Sunday, January 07, 2007

A Wrinkle in Time, Madeleine L'Engle

Title: A Wrinkle in Time
Author: Madeleine L’Engle

"To put it into Euclid or old fashioned plane geometry, a straight line is not the shortest distance between two points."

On a dark and stormy night, Meg Murry flees her attic bedroom to take refuge in her family’s kitchen. Her genius baby brother, Charles Wallace, sits there waiting for her. Soon joined by their scientist mother, the three are cozily sipping cocoa and eating liverwurst when an unexpected knock comes at the door. Enter Mrs Whatsit, a wild old lady wrapped in layers of clothes. The storm has blown her off-course, she explains cheerfully, before turning to Mrs. Murry and calmly saying, “By the way, my dear, there is such a thing as a tesseract.”

A tesseract, as one character later explains, is a way of “wrinkling” time and space so that one can travel faster than the speed of light. Before long, Meg, Charles Wallace, and their friend Calvin O’Keefe are whisked away by Mrs Whatsit and her two equally mysterious companions – Mrs Who and Mrs Which – on a quest to find the Murry’s physicist father, who disappeared a year ago while performing classified research for the government. The quest takes the children on a wild journey throughout the stars, and they learn that there is much more at stake than they initially suspected. An ancient evil is at work throughout Creation, an evil that – if not resisted – threatens to destroy all existence.

A Wrinkle in Time is a favorite childhood book of mine. I’ve always liked the prickly Meg, as she struggles to deal with both adolescence and the gossip about her family. And the lanky, red-haired Calvin was one of my many literary crushes. Charles Wallace is mysterious as a preternatural child genius, and Mrs Whatsit and her friends are lovable as only supernatural beings playing at being batty old ladies can be.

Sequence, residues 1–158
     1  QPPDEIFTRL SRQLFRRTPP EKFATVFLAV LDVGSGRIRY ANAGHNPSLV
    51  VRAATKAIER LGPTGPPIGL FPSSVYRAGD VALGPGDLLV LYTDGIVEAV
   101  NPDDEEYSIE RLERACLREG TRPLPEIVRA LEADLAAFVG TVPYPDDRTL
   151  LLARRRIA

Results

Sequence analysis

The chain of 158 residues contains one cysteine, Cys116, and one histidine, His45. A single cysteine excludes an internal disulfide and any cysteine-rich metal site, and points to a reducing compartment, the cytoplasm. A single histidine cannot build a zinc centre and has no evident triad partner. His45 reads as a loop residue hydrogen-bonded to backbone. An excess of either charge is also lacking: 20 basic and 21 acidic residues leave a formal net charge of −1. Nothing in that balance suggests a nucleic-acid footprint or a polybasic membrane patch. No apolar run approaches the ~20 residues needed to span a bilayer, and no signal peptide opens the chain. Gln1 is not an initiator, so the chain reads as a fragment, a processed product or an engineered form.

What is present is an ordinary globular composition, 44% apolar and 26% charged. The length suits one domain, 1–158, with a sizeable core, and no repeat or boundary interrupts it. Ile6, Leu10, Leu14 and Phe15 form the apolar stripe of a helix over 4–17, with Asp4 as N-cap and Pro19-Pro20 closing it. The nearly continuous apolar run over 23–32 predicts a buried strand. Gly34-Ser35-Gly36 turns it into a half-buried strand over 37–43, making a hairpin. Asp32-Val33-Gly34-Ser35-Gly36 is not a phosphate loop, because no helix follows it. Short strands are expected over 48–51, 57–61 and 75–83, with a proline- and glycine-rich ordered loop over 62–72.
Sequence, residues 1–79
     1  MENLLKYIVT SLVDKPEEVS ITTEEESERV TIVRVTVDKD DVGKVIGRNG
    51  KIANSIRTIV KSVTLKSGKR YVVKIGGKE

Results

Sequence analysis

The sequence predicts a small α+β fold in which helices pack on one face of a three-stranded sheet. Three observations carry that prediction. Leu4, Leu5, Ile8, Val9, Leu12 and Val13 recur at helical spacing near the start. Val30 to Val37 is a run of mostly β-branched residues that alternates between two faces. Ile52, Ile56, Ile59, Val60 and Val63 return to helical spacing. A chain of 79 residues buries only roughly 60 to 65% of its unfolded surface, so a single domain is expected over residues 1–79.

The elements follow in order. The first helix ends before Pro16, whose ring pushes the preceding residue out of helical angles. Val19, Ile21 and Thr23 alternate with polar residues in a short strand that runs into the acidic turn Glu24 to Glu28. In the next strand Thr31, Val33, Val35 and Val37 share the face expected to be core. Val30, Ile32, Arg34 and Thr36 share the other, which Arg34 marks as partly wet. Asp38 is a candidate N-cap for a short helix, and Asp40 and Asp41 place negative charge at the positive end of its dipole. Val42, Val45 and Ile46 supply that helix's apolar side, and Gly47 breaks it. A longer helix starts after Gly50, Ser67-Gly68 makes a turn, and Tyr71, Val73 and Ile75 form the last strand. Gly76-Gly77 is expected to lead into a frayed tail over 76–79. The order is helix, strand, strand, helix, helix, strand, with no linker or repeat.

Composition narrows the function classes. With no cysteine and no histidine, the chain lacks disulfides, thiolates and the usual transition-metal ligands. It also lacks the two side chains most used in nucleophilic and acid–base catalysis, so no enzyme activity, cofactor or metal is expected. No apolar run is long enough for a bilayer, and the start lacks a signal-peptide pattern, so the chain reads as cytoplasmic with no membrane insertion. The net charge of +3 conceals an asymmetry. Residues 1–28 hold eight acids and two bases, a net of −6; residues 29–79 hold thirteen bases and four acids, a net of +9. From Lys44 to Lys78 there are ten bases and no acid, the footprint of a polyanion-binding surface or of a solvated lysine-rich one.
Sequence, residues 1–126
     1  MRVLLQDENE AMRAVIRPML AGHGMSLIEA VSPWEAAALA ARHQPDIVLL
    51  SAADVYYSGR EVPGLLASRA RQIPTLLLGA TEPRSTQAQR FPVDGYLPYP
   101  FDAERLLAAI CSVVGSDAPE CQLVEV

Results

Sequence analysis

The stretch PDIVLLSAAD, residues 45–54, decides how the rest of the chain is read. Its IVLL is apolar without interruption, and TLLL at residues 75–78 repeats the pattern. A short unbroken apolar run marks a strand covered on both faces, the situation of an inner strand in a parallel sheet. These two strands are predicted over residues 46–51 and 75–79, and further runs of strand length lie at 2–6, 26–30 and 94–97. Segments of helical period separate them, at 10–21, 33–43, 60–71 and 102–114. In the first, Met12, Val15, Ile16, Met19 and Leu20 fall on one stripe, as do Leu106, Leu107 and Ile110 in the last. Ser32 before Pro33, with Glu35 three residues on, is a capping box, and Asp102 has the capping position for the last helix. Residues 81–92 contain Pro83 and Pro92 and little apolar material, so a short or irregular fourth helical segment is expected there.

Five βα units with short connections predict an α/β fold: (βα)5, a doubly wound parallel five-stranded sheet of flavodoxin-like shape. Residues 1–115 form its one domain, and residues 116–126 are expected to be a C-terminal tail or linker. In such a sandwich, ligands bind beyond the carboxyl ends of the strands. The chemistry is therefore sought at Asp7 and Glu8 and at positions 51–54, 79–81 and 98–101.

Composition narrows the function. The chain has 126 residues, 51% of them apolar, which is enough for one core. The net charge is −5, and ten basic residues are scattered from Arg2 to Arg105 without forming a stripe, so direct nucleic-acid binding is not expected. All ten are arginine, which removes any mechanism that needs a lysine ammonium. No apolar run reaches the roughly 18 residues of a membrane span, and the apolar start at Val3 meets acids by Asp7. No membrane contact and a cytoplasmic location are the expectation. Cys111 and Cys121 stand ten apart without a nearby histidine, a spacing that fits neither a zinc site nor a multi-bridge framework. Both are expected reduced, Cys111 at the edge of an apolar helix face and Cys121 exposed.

I revisited A Wrinkle in Time over Christmas in an effort to capture the old holiday spirit. My mom always gave me classic fantasies as a girl, so for me Christmas always means shining new books, adventures in unexplored worlds, and staying up late so that I could breathlessly finish those last amazing pages. And as always, A Wrinkle in Time worked its magic, as I read it curled up on my parents' couch Christmas day, sipping hot chocolate. I find the book as wonderful now as I did when a girl. Not even the pervasive Christian content troubles me, probably because L’Engle’s particular brand of Christianity is a liberal one that embraces joy – and not damnation.

In fact, it is L’Engle’s emphasis on the importance of joy that I find most enchanting. Even when circumstances are their most dire in A Wrinkle of Time, hope remains. Despair is the true enemy that the children and the three Mrs Ws are fighting, and as long as there is laughter somewhere in the universe, darkness will never triumph.

Read it (again).

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posted by Elizabeth at 10:10 PM


Blogger reyn said...

Damn, but i loves me some L'Engle. This was one of my favorites as a whippersnapper, too. I may need to revisit the Murrys... Murries?... I may need to revisit them soon.

1/08/2007 2:27 PM  

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